A new hope: One of North America's rarest bees has its known range greatly expanded

April 16, 2018, Pensoft Publishers
The specimen of Epeoloides pilosulus from Alberta, Canada. Credit: Ryan Oram, Royal Saskatchewan Museum

The Macropis Cuckoo Bee is one of the rarest bees in North America, partly because of its specialized ecological associations. It is a nest parasite of oil-collecting bees of the genus Macropis which, in turn, are dependent on oil-producing flowers of the genus Lysimachia.

In fact, the - which much like its feather-bearing counterpart does not build a of its own, but lays its eggs in those of other species instead - is so rare that it was thought to have gone extinct until it was collected in Nova Scotia, Canada, in the early 2000s. As a result, the Macropis Cuckoo Bee was brought to the attention of the Committee on the Status of Endangered Wildlife in Canada (COSEWIC).

Recently, an individual reported from Alberta, Canada, brought new hope for the survival of the species. In addition to previously collected specimens from Ontario, this record greatly expands the known range of the .

Scientists Dr Cory S Sheffield, Royal Saskatchewan Museum, Canada, who was the one to rediscover the "extinct" species in Nova Scotia, and Jennifer Heron, British Columbia Ministry of Environment & Climate Change Strategy, present their new data, and discuss the conservation status of this species in their paper, published in the open access journal Biodiversity Data Journal.

One of the host bee species, Macropis nuda, collecting oil from a Lysimachia terrestris flower. Credit: Dr. Cory S. Sheffield

"This species has a very interesting biology," they say, "being a nest parasite - or cuckoo - of another group of bees that in turn have very specialized dietary needs."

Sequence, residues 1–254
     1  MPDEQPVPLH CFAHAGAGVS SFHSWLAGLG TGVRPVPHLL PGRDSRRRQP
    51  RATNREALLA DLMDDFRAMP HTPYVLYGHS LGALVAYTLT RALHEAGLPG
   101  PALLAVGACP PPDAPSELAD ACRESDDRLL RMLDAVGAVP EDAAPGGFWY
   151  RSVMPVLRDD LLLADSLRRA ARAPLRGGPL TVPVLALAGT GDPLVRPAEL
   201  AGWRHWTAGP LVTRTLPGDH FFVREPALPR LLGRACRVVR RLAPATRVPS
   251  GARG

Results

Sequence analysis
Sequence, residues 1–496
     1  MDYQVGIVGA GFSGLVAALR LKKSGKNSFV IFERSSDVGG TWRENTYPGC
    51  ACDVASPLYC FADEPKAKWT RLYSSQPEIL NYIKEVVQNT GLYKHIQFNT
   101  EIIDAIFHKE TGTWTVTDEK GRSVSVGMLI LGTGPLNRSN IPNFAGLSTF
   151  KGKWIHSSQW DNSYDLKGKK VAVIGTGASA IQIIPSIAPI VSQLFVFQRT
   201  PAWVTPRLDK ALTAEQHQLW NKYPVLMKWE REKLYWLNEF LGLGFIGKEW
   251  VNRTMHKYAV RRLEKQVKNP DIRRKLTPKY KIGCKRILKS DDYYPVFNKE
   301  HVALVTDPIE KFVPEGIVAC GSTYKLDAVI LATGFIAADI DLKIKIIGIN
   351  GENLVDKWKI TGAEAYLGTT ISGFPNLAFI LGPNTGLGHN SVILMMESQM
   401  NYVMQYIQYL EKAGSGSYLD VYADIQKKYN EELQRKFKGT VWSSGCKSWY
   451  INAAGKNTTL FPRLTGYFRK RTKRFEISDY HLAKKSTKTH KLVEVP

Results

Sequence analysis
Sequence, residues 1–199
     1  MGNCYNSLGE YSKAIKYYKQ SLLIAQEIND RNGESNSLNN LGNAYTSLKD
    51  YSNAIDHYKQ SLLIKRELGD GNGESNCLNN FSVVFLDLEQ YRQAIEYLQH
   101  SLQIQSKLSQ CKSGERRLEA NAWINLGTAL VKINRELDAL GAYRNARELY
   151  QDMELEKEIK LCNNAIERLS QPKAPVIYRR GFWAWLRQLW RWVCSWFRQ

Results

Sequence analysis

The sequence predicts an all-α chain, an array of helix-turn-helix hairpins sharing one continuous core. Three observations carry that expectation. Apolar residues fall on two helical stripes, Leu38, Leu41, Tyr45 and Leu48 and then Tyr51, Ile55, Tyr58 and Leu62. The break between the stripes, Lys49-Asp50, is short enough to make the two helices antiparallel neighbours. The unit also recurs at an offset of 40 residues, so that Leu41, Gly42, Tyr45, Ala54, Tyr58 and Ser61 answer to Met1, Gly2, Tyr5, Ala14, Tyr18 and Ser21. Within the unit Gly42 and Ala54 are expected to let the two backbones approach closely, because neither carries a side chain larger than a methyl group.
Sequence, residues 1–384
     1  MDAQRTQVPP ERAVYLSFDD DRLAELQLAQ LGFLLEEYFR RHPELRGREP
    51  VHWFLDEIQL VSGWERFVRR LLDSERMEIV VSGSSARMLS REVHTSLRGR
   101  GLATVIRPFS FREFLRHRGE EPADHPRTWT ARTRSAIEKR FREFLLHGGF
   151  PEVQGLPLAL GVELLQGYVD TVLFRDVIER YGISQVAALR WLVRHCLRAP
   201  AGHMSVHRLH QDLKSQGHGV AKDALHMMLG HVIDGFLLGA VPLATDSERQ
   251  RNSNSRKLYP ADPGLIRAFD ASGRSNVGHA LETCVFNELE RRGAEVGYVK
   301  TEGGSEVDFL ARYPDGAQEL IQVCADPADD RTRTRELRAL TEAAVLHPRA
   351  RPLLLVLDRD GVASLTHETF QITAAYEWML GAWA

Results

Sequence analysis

The hosts, bees of the genus Macropis (which themselves are quite rare) are entirely dependent on plants of the primrose genus Lysimachia. Moreover, they only go after those Lysimachia species whose flowers produce oil droplets, which the insects collect and feed to their larvae. Thus, Macropis bees require these oil-producing flowers to exist just like Macropis Cuckoo Bees need their hosts and their nests. Curiously, this reliance, as suggested by previous studies on related European species, has made the female cuckoos develop the ability to find their host's nests by the smell of the floral oils.

"This level of co-dependence between flower, bee, and cuckoo bee, makes for a very tenuous existence, especially for the cuckoo," the authors comment. "The recent specimen from Alberta lets us know that the species is still out there, and is more widespread than we thought."

In conclusion, the authors suggest that continuing to monitor for populations of rare bees, and documenting historic records, are crucial for conservation status assessments of at-risk species.

"Biodiversity Data Journal provides a great venue to share this type of information with our colleagues for regional, national, and international efforts for conservation," they note.

Explore further: Bees that go 'Cuckoo' in others' nests

More information: Cory Sheffield et al, A new western Canadian record of Epeoloides pilosulus (Cresson), with discussion of ecological associations, distribution and conservation status in Canada, Biodiversity Data Journal (2018). DOI: 10.3897/BDJ.6.e22837

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